Welspun in talks with Canadian pension fund to invest in road projects

Mamuni Das New Delhi | Updated on November 19, 2020

Welspun Enterprises is in talks with a Canadian pension fund for investment in the company’s road project assets, sources said. The company has nine road projects, with a project cost of over ₹12,000 crore.

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However, a Welspun spokesperson told BusinessLine the company has no comments to offer on this.

Of the nine projects, seven are on the hybrid annuity model (HAM) including the first phase of the Delhi-Meerut Expressway. Under HAM, a company gets the project to build and maintain a highway stretch for a long tenure. It gets 40 per cent of the project implementation cost in advance, and the remaining amount in the form of payments twice a year. The toll charges, if any, are collected by the government’s awarding authority — be it the National Highways Authority of India (NHAI) or Public Works Department.

HAM project portfolio

The company’s HAM project portfolio has an approximate value of about ₹10,000 crore. The projects include: Delhi-Meerut Expressway, Gagalheri-Saharanpur-Yamunanagar on UP-Haryana border, Chutmalpur-Ganeshpur and Roorkee-Chutmalpur-Gagalheri in UP and Uttarakhand, Aunta-Simaria in Bihar, Chikhali-Tarod and Sattanathapuram-Nagapattinam in Tamil Nadu.

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It also has an ongoing build operate transfer (BOT) project in its bag — Mukarba Chowk-Panipat in Haryana (₹2,122 crore). In a BOT project, a company constructs, builds and maintains the highway project for a long duration in return for collecting toll charges. This exposes the company to the risk of traffic density on that stretch of road over a long period.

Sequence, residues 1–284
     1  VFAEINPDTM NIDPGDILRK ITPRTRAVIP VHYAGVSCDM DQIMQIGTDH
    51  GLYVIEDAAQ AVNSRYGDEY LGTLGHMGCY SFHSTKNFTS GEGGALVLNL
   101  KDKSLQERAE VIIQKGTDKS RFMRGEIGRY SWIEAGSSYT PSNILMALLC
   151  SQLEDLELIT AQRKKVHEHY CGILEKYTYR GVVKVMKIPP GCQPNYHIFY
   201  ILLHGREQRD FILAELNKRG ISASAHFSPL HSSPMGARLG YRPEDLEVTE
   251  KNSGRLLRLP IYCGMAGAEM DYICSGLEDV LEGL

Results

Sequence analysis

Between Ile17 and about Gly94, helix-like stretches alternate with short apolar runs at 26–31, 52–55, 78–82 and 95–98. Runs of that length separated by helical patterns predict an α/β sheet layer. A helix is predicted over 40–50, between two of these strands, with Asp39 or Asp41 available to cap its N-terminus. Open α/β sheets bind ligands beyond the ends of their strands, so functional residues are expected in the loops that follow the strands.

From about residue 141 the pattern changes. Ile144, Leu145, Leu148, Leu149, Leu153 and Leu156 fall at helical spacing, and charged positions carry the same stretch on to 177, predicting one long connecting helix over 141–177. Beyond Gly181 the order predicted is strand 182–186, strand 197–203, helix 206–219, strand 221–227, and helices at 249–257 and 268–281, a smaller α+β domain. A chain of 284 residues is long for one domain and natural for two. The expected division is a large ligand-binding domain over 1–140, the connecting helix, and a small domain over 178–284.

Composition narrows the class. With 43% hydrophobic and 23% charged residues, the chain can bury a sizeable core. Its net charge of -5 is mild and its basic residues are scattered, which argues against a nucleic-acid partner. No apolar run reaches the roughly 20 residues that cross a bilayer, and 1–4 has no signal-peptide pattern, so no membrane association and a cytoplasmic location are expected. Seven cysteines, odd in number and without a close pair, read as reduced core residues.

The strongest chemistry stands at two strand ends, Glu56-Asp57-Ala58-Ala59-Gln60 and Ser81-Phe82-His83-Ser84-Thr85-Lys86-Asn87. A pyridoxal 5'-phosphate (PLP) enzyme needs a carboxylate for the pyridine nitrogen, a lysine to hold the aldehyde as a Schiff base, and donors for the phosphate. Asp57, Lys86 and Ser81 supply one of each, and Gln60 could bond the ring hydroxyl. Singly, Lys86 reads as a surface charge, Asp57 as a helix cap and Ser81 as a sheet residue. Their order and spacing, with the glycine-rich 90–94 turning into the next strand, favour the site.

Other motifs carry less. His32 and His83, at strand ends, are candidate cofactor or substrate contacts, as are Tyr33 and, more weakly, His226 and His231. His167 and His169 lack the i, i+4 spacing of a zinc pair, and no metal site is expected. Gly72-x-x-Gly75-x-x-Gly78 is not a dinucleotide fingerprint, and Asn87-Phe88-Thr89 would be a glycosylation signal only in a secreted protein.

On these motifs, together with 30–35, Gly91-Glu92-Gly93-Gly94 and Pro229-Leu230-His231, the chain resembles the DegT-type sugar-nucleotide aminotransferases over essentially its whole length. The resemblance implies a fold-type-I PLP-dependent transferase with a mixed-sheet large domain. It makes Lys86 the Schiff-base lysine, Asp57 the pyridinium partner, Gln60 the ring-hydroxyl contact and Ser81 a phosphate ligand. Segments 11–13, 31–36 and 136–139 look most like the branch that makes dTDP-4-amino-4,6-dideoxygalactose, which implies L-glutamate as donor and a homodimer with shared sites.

Welspun had another BOT project — Himmatnagar Bypass in Gujarat — the concession of which ended this August.

Acquisition options

The company, while scouting for investors for its road projects, is also on the prowl for new and existing projects. Within HAM, Welspun follows an asset-light model. It acquires road projects that are struggling for completion due to funding or other issues, raises funds for the projects, awards its construction contract to local contractors and manages the project, with an aim to complete the project on time or earlier, so that it starts receiving the annuity payments from NHAI or the concerned government agency.

One of the Canadian funds present in India — Caisse de dépôt et placement du Québec, or CDPQ — had last year signed an agreement to acquire seven road projects from Global Infrastructure Partners, another infrastructure investor. The acquisition has not firmed up yet.

Another player — Canadian Pension Plan Investment Board (CCPIB) — has a portfolio of road projects in India. It has investments in L&T IDPL. It is also a founding investor in IndInfravit Trust, an infrastructure investment trust that has agreed to buy the entire equity in nine Indian operational road projects from Sadbhav Infrastructure Project Ltd for ₹6,610 crore.

Published on November 19, 2020

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